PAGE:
With the exception of Venus, we can remember that in the solar system, the further a planet is from the Sun, the colder it is. On Saturn, the average temperature is estimated at -140° C (at the level of its atmosphere, where the pressure is equal to that of sea level on Earth).
How long is a day on Saturn?
Saturn is not the fastest spinning planet in the solar system — it is preceded by Jupiter in this ranking. However, it is also fast: the day lasts barely 10 hours and 40 minutes.
How long is a year on Saturn?
Why does Saturn have so many moons?
Saturn does not revolve around the Sun alone: its many moons keep it company. It is quite simply the planet in the solar system with the greatest number of moons. Saturn has 82 monday, of which 53 confirmed. For the 29 others, it is still necessary to validate their discovery and to name them officially. The most interesting for scientists are undoubtedly Titan (the largest moon of Saturn) and Enceladus (the sixth natural satellite of Saturn, by its size). Strangely, Saturn’s moons bear little resemblance.
The origin of Saturn’s moons certainly has to do with how the solar system itself is thought to have formed. It is likely that many bodies floated around Saturn and the other gas giants in formation, and were attracted by their strong gravitational pull.
Why does Saturn have rings?
Saturn’s rings are thought to be remnants of comets, asteroids, or even moons. These bodies would have been “torn” under the effect of the powerful gravitational attraction of the planet. This ring system is vast: it extends up to 282,000 kilometers from the gas giant. Saturn’s rings rotate, but not at the same speed. Unfortunately, these structures are not immortal: scientists estimate that Saturn’s rings will be gone in 300 million years.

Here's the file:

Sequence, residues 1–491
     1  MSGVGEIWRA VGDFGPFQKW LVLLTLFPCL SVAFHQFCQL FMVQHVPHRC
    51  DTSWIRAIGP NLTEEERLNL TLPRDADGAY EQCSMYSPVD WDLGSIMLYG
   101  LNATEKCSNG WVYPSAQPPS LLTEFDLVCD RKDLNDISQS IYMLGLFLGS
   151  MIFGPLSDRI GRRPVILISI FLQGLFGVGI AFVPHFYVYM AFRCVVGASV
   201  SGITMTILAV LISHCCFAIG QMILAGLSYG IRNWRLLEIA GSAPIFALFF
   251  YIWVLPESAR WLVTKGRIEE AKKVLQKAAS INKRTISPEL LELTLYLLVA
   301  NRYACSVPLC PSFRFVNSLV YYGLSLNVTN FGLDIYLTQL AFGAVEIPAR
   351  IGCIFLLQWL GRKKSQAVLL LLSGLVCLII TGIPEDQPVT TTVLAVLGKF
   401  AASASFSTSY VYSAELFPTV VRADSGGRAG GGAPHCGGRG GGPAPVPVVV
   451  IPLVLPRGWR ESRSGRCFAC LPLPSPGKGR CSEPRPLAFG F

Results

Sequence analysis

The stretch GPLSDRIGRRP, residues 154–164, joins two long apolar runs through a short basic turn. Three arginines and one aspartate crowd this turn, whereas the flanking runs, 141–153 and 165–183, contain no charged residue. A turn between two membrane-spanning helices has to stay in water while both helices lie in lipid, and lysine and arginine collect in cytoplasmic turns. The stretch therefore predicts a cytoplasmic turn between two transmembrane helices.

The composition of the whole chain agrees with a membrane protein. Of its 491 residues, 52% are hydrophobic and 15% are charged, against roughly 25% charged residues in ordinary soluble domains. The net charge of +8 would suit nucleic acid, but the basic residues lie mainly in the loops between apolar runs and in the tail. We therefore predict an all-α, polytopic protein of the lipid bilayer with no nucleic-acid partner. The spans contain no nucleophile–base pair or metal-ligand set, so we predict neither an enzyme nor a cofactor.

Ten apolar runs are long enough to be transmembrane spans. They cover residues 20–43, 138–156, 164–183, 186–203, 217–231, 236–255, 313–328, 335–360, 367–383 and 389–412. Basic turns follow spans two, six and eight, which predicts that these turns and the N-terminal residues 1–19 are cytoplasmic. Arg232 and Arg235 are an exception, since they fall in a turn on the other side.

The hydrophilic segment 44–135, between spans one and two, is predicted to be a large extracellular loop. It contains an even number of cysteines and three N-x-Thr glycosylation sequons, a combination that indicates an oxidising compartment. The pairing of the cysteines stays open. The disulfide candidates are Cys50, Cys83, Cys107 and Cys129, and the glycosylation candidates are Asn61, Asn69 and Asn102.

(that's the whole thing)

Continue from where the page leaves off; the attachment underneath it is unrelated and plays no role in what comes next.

Every 15 years, a strange phenomenon takes place: Saturn’s rings seem to “disappear”. In reality, it is our perception that plays tricks on us. This is linked to the seasons on the planet: regularly, we see the rings of Saturn “by the edge” – but they are always there.
Observation and exploration of Saturn
Humanity has been observing the beautiful Saturn for centuries. More recently, she has also started to explore it a little more closely.
How can we observe Saturn?
Saturn is one of the planets of the solar system that we are lucky enough to be able to observe with the naked eye, regularly, throughout the year. If you have a telescope or a telescope, you can of course use it to better see the planet.
When to observe Saturn in 2022?
One of the most favorable periods for its observation is the moment of opposition (including the days preceding and following this date): Saturn is then visible almost all night, because it rises when the Sun sets, and vice versa. You can find all the dates of the oppositions of Saturn on the website of the Institute of Celestial Mechanics and Ephemeris Calculation. In 2022 Saturn’s opposition took place on August 14th. This will happen again on August 27, 2023.
We can also take advantage of the conjunctions of Saturn with the other planets visible to the naked eye and/or the Moon, to locate it more easily in the night sky. To know the dates of these events, remember to consult our monthly calendars of astronomical phenomena.
Which missions explored Saturn?
The remoteness of Saturn and its hostile environment make the exploration of this planet complex. However, humanity has already succeeded in approaching it via probes on several occasions. It all started in 1979, with Pioneer 11. The next big step in Saturnian exploration concerns Titan, one of the planet’s moons, which will be studied more closely by Dragonfly.
|1979||NomPioneer 11||ObjectiveExploration of the outer regions of the solar system||Statuscompleted|
|1980||NomVoyager 1||ObjectiveStudy of the outer planets of the solar system||StatusActive|
|1981||NomVoyager 2||ObjectiveStudy of the outer planets of the solar system||StatusActive|
|2004||NomCassini–Huygens||ObjectiveExploration of the Saturnian system||Statuscompleted|
|2034||NomDragonfly||ObjectiveStudy of Saturn’s largest satellite, Titan||StatusIn development|
Source: Numerama by www.numerama.com.